Michael Albert. Parecon: Life After Capitalism. London/New York: Verso, 2003.
Reviewed by T. Hatch
Michael Albert, founder of Znet and an acolyte of Noam Chomsky, has imagined a new economic system. In the parecon (i.e. participatory economics) councils of workers and consumers replace corporations. Instead of a system of buyers and sellers in a perpetual effort to fleece one another, where the means of production and output are hegemonic, the ethic of remuneration is altered to reward those who put forth the most effort and sacrifice. Essentially it is an anarchistic vision of the world's economic system that scraps the social contract rationale for earning on property that maintains itself because of unbalanced circumstances.
The values that the parecon holds dear are solidarity, diversity, equity, and participatory self-management. Markets as we know them would cease to exist. “Naked self-interest and callous cash payment” would take a back seat to cooperation and real bottom up participatory democracy. No longer would an anti-social agenda hold sway rewarding the most ruthless amongst us. Albert's effort is aimed at trying to create a world free of markets which he sees as “a no confidence vote on the social capabilities of the human species.”
He is critical of any system that maintains markets. This includes both the central planning and market coordinationist versions of Socialism as well as the fetish for localism that is embodied in Green Bioregionalism. “Economics is conducted by and for workers and consumers. Workers create the social product. Consumers enjoy the social product.” Accordingly, the watch word would be “to each according to effort.”
As laudable as the ethics of intention in economics might be those with a background in economics will have difficulty in swallowing Albert's prescriptions whole. Although the last section of the book is given over to a defense against possible criticisms of his parecon model of economy it is hardly comprehensive.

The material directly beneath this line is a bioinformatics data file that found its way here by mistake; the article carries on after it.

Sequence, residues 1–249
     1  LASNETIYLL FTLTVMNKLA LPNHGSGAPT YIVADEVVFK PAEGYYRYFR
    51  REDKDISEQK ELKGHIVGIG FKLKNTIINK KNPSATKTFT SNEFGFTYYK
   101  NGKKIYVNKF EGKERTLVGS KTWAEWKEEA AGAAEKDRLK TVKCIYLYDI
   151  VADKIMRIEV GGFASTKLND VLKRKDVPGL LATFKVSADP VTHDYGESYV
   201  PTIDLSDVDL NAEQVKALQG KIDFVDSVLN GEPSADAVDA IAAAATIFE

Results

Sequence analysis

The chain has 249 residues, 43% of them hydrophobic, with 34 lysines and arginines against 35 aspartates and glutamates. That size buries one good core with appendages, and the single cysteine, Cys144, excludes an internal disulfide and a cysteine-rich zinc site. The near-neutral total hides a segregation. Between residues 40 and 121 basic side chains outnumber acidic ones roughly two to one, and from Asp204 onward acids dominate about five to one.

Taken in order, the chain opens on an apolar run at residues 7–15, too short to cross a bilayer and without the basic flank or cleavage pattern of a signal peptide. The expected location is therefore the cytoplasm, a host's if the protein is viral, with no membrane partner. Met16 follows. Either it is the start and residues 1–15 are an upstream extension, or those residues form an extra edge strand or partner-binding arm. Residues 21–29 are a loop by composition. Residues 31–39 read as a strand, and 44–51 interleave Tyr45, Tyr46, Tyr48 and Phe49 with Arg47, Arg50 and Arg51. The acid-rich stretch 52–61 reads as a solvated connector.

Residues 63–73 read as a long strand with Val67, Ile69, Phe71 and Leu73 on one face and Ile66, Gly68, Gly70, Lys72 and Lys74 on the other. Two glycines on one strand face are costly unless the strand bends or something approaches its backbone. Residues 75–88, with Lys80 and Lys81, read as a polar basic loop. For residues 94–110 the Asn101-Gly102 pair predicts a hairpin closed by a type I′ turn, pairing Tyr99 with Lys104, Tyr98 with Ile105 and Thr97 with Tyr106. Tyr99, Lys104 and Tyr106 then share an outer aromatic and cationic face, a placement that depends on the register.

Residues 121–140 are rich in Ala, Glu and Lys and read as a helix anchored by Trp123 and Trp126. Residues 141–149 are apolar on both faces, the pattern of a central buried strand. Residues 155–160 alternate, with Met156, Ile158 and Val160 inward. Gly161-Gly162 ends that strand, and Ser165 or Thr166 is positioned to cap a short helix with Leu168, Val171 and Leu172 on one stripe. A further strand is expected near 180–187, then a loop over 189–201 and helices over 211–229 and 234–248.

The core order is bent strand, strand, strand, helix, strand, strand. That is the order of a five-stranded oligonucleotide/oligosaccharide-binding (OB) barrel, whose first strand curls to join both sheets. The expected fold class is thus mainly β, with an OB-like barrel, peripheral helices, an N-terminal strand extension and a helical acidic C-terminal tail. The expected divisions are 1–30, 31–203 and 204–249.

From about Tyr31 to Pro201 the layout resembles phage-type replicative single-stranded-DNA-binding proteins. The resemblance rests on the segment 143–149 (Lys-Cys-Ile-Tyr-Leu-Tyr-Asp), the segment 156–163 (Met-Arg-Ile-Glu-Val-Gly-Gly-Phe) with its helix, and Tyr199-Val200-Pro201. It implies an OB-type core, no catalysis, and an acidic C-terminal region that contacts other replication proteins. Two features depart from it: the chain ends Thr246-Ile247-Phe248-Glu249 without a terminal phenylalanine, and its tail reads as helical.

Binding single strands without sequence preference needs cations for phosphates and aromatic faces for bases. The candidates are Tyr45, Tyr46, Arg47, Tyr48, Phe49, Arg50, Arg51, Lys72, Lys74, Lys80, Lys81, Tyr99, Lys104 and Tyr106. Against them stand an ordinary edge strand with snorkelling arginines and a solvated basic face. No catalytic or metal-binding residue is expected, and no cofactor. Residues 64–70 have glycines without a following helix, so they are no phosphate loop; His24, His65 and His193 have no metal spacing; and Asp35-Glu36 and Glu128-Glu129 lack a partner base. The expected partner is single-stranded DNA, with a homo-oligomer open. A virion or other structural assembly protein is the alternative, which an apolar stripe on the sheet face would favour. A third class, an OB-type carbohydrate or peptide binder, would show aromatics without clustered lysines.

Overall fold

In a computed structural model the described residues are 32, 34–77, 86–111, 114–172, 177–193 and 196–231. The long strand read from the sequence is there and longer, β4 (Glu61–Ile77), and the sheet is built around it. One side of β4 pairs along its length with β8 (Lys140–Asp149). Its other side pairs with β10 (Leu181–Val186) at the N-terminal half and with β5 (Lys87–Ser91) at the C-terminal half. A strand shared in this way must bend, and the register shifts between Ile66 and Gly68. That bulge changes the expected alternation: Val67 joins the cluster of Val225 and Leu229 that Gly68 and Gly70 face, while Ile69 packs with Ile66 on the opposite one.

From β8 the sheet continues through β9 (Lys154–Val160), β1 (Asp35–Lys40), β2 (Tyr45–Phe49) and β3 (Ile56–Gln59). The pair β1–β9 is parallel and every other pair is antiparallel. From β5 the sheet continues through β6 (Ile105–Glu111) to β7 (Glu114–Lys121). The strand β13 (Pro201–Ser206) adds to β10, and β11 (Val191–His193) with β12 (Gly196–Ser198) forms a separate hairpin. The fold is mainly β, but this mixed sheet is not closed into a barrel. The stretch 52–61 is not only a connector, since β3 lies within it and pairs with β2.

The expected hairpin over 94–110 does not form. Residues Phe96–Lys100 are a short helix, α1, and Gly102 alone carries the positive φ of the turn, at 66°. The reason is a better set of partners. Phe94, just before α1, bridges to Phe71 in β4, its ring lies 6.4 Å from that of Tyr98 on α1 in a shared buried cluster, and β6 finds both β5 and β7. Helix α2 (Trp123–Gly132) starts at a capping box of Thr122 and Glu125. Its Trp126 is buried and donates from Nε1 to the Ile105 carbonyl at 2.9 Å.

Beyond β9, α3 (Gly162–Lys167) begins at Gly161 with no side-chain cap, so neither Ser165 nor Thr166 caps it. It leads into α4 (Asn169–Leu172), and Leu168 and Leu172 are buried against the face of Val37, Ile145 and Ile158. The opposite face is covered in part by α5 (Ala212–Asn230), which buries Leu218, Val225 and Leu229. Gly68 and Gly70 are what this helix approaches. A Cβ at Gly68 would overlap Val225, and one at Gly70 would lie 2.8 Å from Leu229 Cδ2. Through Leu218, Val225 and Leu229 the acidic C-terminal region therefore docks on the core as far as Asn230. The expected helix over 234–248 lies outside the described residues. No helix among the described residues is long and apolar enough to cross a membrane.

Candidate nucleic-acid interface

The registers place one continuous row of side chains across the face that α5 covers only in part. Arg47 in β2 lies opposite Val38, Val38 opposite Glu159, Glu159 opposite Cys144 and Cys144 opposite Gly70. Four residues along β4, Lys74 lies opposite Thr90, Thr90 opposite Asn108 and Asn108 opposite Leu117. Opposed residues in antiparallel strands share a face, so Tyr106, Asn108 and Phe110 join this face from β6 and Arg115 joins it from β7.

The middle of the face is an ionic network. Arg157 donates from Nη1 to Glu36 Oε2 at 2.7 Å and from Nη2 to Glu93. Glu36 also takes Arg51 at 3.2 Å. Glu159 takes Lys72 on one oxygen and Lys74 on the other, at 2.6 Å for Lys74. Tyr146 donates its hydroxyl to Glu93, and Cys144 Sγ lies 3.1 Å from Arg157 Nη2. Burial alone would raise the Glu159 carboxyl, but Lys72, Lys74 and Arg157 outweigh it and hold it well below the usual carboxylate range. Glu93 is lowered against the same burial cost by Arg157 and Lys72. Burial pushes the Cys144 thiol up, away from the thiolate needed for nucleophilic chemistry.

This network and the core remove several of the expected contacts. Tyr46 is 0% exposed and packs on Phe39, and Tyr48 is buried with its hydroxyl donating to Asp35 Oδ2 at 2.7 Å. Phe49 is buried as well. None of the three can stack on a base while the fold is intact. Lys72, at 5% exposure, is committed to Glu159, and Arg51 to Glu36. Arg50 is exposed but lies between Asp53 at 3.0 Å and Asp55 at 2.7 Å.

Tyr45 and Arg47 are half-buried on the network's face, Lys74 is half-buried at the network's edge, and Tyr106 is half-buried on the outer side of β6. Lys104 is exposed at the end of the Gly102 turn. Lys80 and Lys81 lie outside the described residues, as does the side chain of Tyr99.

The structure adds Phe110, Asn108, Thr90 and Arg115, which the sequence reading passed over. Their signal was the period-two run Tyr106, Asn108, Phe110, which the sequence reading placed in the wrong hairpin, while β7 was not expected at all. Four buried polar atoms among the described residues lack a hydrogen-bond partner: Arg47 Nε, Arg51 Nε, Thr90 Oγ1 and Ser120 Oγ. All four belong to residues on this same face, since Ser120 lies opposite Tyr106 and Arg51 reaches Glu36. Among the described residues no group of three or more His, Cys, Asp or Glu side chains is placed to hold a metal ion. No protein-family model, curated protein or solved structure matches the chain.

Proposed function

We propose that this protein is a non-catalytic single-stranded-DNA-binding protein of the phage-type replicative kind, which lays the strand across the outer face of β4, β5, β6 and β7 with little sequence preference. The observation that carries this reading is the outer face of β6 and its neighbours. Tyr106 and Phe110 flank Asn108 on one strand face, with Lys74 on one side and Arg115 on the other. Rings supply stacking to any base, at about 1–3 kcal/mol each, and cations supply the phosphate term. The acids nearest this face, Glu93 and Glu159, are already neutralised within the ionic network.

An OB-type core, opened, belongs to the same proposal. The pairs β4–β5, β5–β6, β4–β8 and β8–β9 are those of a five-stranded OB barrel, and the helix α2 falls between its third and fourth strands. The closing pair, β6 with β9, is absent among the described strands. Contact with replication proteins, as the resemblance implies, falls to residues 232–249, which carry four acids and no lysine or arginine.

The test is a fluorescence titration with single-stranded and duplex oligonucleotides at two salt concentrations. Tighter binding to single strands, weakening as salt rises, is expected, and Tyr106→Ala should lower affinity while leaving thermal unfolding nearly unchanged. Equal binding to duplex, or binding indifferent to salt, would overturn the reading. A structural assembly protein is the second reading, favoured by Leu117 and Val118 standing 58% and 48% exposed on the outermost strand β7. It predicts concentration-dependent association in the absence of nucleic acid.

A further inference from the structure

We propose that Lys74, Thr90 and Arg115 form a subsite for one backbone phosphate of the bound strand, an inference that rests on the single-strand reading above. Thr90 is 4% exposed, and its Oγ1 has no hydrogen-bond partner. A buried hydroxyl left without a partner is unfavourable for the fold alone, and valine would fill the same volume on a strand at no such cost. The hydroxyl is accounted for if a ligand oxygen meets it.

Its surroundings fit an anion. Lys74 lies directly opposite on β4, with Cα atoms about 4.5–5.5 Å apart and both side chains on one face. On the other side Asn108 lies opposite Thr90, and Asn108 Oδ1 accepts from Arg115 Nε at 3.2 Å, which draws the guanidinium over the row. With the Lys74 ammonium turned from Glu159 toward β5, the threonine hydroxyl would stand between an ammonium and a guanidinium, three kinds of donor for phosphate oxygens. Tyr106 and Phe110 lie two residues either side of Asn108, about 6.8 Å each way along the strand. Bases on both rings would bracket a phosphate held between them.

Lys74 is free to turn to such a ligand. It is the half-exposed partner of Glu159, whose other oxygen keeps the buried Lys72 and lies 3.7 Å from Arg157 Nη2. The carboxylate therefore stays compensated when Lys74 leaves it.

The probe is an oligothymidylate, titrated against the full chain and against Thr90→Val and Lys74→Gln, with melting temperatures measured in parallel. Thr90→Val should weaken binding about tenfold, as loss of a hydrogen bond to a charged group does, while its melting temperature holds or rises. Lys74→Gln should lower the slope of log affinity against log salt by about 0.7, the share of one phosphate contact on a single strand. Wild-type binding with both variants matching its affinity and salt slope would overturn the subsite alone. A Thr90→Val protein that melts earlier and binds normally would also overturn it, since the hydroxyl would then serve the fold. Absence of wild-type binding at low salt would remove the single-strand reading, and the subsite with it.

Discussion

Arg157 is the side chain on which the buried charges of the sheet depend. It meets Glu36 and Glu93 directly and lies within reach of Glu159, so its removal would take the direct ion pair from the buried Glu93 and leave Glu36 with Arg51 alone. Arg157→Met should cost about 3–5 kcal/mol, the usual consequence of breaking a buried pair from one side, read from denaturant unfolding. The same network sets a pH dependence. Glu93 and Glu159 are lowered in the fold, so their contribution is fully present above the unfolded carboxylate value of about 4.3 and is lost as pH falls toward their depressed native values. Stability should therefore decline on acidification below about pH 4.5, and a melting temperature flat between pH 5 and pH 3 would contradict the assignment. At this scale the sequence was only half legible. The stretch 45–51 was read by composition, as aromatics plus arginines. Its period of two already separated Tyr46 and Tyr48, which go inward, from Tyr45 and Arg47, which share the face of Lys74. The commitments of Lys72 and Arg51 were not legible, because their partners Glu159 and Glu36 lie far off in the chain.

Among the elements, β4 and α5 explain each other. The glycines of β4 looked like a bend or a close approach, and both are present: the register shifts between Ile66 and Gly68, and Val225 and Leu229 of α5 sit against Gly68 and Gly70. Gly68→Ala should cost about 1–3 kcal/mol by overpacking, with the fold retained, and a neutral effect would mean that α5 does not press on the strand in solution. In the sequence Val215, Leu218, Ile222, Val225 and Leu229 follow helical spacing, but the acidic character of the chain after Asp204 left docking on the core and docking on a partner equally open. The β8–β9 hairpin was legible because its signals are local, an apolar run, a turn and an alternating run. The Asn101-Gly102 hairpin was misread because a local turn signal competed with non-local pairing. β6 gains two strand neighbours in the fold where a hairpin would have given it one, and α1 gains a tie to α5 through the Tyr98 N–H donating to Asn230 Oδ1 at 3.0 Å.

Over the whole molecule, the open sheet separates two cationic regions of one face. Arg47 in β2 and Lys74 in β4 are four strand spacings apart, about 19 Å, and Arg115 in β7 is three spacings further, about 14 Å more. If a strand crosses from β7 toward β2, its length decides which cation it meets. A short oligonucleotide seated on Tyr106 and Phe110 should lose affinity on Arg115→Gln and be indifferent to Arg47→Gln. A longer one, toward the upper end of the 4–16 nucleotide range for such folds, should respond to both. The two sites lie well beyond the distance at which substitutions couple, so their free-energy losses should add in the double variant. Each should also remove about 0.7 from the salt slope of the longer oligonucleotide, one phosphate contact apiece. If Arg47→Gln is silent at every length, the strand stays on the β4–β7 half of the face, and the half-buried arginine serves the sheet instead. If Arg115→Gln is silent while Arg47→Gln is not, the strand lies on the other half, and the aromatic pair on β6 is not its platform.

In a three hundred page treatise on an alternative economic system money is only mentioned once in passing; this only in relation to possible black market activity which would fizzle out because of the lack of possible reward. Forget about money aggregates and even the concepts of money as a store of value and a means of accounting. Beyond this if Albert is eliminating money as a medium of exchange he has not indicated how this might come about.
The parecon as advanced in the book is a global system. How would this come about? Would there be parecon in one country or would it require a international effort to accomplish? Would parecon start in the most advanced capitalist countries first or would there be a corollary on Trotsky's theory of combined and uneven development?
The most stunning part of Albert's work is his naïve belief in equilibrium which surpasses even that of an Alfred Marshall. Even conceding that human nature is not static and that markets are irrational and exploit large portions of humanity it is fanciful to see councils of consumers communicating to producers their needs in advance for a year at a time and having this come off smoothly. That Weberian cage is indeed constructed of iron.